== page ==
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India

Delhi Monkeypox Patient’s Contact Complains Of Body Ache, Being Monitored

The west Delhi man, who was the first reported monkeypox case in the capital, is currently recovering in the isolation ward of the Lok Nayak Jai Prakash (LNJP) Hospital here.

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Monkeypox typically presents itself with fever, headache, rashes for up to three weeks, sore throat, cough and swollen lymph nodes. (Image used for representational purpose only)

New Delhi: One of the contacts of the monkeypox-infected resident of Delhi has complained of body ache and is being monitored to check for any other symptoms, sources said on Tuesday.

The west Delhi man, who was the first reported monkeypox case in the capital, is currently recovering in the isolation ward of the Lok Nayak Jai Prakash (LNJP) Hospital here. His vitals are stable but his lesions will take at least a week to recover.

Sources said there are 14 primary contacts of the patient. Four of his family members are in isolation at their west Delhi residence and have not shown any symptoms till now.

One of his friends, who came in contact with him, has said he was experiencing body ache and is self-monitoring himself. He has not shown any other symptoms till now, they said.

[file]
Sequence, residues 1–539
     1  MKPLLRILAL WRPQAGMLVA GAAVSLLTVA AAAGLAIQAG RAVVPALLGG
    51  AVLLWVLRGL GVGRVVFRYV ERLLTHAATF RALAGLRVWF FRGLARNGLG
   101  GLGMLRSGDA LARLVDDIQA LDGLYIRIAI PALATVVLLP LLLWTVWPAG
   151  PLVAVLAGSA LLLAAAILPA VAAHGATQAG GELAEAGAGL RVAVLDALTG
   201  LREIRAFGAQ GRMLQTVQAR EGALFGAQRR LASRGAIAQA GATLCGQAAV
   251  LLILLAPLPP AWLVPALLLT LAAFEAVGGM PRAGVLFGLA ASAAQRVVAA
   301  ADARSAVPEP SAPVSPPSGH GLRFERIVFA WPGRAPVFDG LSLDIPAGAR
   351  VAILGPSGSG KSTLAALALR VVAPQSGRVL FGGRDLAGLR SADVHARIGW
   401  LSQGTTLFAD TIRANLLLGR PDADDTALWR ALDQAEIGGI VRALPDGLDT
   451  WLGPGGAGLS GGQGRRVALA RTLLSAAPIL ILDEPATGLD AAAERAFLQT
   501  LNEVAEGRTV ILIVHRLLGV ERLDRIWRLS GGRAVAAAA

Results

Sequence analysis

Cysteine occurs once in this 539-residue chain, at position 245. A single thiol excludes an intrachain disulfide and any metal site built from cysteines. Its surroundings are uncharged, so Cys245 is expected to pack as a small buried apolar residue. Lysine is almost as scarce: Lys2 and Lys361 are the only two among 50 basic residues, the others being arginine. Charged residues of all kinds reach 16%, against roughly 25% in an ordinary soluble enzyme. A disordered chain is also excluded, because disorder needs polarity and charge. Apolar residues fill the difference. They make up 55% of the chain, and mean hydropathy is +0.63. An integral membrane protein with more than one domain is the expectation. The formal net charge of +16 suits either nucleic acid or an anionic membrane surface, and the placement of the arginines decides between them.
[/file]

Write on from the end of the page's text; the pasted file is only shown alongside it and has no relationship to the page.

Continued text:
“He has complained of body ache but it is not the only symptom of the infection. He has not displayed the major symptoms of the infection like fever, skin rashes, swollen lymph nodes till now. He is in home isolation and our team is keeping a close watch on him,” sources said.

Monkeypox is a viral zoonosis (a virus transmitted to humans from animals) with symptoms similar to those seen in the past in smallpox patients, although it is clinically less severe.

Monkeypox typically presents itself with fever, headache, rashes for up to three weeks, sore throat, cough and swollen lymph nodes.

The symptoms include lesions, which usually begin within one to three days of the onset of fever, last for around two to four weeks, and are often described as painful until the healing phase when they turn itchy (in the crust stage).

In May this year, multiple cases of monkeypox were identified in several non-endemic countries. Globally, over 16,000 cases of monkeypox have now been reported from 75 countries and there have been five deaths so far due to the outbreak.